Heroism Takes Practice
As a father, I want to raise my sons in Hero Training School whether they realize it or not. I certainly hope that my actions and words have an impact on the man, husband, and father they want to be. But, at the same time, if I want them to be ready when called upon, they need hero practice.
My sons naturally want to ‘play’ hero as they will often emerge dressed as Spider-Man, a Sheriff, or Peyton Manning. However, there are (at least) two types of opportunities that I have to help them develop ‘personal heroism’:
1) Unplanned events – those teachable moments when you help them understand that making fun of others is not acceptable or how to be patient when learning a new skill (like tying their shoes). My biggest enemy to success in unplanned events is just that…they’re unplanned. I’m a big planner. Most days in my life have a high level plan (go here, do this, etc.) and those plans don’t usually include taking an extra five minutes before we leave to review (insert your choice of skill or character quality here). Those 5 minute delays don’t have an earth-shattering impact on my plan but they just might on my kids.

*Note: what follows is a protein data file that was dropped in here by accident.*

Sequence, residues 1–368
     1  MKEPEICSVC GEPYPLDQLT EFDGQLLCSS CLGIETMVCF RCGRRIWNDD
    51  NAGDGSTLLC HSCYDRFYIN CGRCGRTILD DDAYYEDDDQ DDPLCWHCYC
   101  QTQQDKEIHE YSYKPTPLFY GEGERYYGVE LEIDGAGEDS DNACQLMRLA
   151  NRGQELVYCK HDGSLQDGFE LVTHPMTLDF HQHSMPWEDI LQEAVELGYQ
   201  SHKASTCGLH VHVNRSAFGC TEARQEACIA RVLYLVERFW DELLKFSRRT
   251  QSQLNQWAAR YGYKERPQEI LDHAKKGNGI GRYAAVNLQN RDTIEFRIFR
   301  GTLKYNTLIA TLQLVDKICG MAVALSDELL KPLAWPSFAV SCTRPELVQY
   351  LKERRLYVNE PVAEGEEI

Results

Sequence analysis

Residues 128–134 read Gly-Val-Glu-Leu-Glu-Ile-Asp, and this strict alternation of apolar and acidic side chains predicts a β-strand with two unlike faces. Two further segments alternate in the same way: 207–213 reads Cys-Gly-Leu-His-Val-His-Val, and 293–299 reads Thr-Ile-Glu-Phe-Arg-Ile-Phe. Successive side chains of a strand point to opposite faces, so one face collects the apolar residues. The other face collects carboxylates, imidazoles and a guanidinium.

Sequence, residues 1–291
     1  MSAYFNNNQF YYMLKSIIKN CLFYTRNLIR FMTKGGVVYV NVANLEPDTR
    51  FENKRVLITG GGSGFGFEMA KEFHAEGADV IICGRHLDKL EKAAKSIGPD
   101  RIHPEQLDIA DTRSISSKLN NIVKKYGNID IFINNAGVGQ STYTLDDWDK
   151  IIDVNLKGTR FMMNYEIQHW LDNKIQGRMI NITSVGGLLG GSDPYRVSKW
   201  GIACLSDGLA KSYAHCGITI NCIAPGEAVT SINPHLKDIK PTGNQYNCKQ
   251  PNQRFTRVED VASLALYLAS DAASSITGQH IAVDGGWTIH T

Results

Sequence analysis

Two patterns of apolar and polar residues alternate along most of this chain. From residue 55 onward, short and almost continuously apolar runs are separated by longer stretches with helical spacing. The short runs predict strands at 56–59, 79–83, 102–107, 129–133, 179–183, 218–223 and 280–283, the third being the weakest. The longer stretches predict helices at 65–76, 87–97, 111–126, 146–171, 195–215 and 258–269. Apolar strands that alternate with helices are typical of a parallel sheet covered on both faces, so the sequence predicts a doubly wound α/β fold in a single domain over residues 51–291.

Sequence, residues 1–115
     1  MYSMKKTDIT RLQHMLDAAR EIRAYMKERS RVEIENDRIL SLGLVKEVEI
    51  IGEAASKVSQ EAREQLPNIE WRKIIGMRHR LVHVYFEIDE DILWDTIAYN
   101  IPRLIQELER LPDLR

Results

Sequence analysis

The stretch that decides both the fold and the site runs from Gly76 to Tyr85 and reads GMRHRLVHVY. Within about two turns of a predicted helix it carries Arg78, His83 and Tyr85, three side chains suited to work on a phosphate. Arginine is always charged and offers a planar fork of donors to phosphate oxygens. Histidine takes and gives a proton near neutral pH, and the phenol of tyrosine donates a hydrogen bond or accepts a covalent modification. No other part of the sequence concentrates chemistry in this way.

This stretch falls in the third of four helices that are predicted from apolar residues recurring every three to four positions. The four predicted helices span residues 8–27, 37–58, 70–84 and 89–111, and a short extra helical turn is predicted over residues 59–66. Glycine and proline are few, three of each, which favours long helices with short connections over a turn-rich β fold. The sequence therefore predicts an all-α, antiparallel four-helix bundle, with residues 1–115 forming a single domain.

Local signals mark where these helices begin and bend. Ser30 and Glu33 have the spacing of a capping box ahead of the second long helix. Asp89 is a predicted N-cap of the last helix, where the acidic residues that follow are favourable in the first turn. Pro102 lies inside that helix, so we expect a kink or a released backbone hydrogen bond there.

2) Planned events – times when you know the activity is going to be hard but you intentionally schedule it. It could be anything from learning to ride a bike to rock climbing. It doesn’t even have to be something you have personally mastered. I know one dad who learned to kayak with his son…showing that Dad doesn’t have it all figured out either. The challenge to these events is planning them. Can you sacrifice one Saturday of errands or one week night of personal time to help your child accomplish something? It’s all about intentionality.
I’m making a commitment to join ‘Hero Training School’ as an intentional instructor not a reluctant replacement. How about you?